The problem with these proposals is that infrastructure spending takes too long to revive an ailing economy. In the United Kingdom, for example, policymakers have taken years to reach an agreement on building the high-speed rail project known as HS2 and an equally long time to settle on a plan to add a third runway at London’s Heathrow Airport. Such large, long-term investments are needed. But they shouldn’t be rushed. Just ask Berliners about the unnecessary new airport that the German government is building for over $5 billion, and which is now some five years behind schedule. Governments should thus continue to invest in infrastructure and research, but when facing insufficient demand, they should tackle the spending problem quickly and directly.

If cash transfers represent such a sure thing, then why has no one tried them? The answer, in part, comes down to an accident of history: central banks were not designed to manage spending. The first central banks, many of which were founded in the late nineteenth century, were designed to carry out a few basic functions: issue currency, provide liquidity to the government bond market, and mitigate banking panics. They mainly engaged in so-called open-market operations -- essentially, the purchase and sale of government bonds -- which provided banks with liquidity and determined the rate of interest in money markets. Quantitative easing, the latest variant of that bond-buying function, proved capable of stabilizing money markets in 2009, but at too high a cost considering what little growth it achieved.

A second factor explaining the persistence of the old way of doing business involves central banks’ balance sheets. Conventional accounting treats money -- bank notes and reserves -- as a liability. So if one of these banks were to issue cash transfers in excess of its assets, it could technically have a negative net worth. Yet it makes no sense to worry about the solvency of central banks: after all, they can always print more money.

The most powerful sources of resistance to cash transfers are political and ideological. In the United States, for example, the Fed is extremely resistant to legislative changes affecting monetary policy for fear of congressional actions that would limit its freedom of action in a future crisis (such as preventing it from bailing out foreign banks). Moreover, many American conservatives consider cash transfers to be socialist handouts. In Europe, which one might think would provide more fertile ground for such transfers, the German fear of inflation that led the European Central Bank to hike rates in 2011, in the middle of the greatest recession since the 1930s, suggests that ideological resistance can be found there, too.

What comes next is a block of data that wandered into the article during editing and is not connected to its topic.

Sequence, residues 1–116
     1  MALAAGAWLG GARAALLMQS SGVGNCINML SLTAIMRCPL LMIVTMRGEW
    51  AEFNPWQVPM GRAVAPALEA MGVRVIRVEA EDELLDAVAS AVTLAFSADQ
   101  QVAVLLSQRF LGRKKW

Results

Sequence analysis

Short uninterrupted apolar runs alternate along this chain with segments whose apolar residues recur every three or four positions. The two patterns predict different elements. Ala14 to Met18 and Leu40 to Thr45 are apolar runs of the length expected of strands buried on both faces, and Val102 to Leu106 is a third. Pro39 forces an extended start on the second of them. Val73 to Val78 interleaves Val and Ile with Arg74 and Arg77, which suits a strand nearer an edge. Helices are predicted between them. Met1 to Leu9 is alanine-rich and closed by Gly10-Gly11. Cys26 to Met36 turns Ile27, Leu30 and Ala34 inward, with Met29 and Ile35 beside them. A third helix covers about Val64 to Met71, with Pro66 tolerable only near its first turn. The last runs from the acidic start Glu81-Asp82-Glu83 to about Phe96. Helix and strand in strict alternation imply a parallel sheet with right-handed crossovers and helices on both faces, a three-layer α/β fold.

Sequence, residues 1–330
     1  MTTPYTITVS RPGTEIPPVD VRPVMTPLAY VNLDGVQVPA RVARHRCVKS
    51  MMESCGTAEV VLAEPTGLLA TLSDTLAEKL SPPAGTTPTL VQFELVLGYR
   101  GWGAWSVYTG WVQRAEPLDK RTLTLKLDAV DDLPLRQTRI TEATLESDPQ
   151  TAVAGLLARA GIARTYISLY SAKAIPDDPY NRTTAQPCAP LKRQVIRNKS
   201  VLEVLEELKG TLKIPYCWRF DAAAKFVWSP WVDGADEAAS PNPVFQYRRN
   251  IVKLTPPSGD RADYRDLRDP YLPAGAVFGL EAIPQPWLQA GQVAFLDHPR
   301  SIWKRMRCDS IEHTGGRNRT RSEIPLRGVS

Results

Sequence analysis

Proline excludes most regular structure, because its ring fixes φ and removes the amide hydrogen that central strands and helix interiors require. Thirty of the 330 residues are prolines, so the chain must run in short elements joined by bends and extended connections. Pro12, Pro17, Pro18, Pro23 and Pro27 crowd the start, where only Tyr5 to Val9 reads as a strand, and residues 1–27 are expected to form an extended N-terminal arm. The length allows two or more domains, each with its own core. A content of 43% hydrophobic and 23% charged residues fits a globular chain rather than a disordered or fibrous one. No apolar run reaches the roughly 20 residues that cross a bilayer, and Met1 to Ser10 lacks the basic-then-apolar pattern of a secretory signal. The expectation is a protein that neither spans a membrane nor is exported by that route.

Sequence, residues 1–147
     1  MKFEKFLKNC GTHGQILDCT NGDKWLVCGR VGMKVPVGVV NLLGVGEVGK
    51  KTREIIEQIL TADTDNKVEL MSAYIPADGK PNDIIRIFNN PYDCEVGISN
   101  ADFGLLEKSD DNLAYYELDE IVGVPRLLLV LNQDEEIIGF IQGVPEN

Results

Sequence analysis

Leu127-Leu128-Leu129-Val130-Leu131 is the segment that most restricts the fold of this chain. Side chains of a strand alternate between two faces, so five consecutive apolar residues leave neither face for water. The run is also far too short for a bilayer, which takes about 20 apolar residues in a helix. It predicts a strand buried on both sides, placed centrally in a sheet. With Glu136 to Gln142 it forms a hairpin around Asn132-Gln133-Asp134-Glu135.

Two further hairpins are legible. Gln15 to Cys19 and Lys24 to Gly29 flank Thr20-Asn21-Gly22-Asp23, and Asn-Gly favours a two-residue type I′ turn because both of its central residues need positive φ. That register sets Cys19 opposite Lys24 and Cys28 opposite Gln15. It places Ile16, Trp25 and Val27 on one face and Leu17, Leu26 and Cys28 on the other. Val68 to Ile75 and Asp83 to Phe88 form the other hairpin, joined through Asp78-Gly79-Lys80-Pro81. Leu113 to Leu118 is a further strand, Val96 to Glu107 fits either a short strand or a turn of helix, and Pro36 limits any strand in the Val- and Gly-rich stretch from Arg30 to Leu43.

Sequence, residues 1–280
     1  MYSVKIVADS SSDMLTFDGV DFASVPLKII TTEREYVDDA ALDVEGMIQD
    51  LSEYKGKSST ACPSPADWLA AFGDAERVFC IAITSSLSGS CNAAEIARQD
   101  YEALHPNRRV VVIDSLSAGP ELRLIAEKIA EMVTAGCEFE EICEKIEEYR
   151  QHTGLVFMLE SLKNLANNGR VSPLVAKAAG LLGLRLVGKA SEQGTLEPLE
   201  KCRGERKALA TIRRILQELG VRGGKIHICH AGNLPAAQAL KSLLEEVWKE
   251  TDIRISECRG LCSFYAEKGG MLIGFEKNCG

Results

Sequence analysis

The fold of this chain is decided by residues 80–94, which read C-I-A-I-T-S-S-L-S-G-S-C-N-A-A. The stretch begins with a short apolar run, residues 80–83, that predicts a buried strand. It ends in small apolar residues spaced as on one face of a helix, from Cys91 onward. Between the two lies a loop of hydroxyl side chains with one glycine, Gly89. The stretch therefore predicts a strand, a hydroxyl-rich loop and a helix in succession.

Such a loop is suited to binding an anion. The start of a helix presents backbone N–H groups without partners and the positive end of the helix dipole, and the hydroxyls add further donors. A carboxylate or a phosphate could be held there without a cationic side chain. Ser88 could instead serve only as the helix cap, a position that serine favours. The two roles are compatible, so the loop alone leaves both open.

Those who don’t like the idea of cash giveaways, however, should imagine that poor households received an unanticipated inheritance or tax rebate. An inheritance is a wealth transfer that has not been earned by the recipient, and its timing and amount lie outside the beneficiary’s control. Although the gift may come from a family member, in financial terms, it’s the same as a direct money transfer from the government. Poor people, of course, rarely have rich relatives and so rarely get inheritances -- but under the plan being proposed here, they would, every time it looked as though their country was at risk of entering a recession.

Unless one subscribes to the view that recessions are either therapeutic or deserved, there is no reason governments should not try to end them if they can, and cash transfers are a uniquely effective way of doing so. For one thing, they would quickly increase spending, and central banks could implement them instantaneously, unlike infrastructure spending or changes to the tax code, which typically require legislation. And in contrast to interest-rate cuts, cash transfers would affect demand directly, without the side effects of distorting financial markets and asset prices. They would also would help address inequality -- without skinning the rich.

Ideology aside, the main barriers to implementing this policy are surmountable. And the time is long past for this kind of innovation. Central banks are now trying to run twenty-first-century economies with a set of policy tools invented over a century ago. By relying too heavily on those tactics, they have ended up embracing policies with perverse consequences and poor payoffs. All it will take to change course is the courage, brains, and leadership to try something new.
Sun, August 31, 2014 - 9:29 AM — permalink - 0 comments - add a comment

Actor and Anti-Vaxxer Rob Schneider: I have proof the CDC ‘fraudulently changed’ autism data

Well, it's about damned time that someone with a name, money, and influence in the media take a stand on something!

Via: www.rawstory.com/rs/2014/0...tism-data/

By Arturo Garcia
Tuesday, August 26, 2014 19:14 EDT

Actor and anti-vaccine advocate Rob Schneider contacted California Gov. Jerry Brown’s office (D) claiming to possess documents showing that the Centers for Disease Control has hidden data showing Black children are at a particularly high risk of developing autism from vaccines.